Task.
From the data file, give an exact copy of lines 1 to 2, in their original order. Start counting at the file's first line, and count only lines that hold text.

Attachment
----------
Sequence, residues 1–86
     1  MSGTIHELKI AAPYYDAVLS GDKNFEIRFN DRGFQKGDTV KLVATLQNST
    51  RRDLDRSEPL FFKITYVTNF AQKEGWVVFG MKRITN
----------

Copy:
Sequence, residues 1–86
     1  MSGTIHELKI AAPYYDAVLS GDKNFEIRFN DRGFQKGDTV KLVATLQNST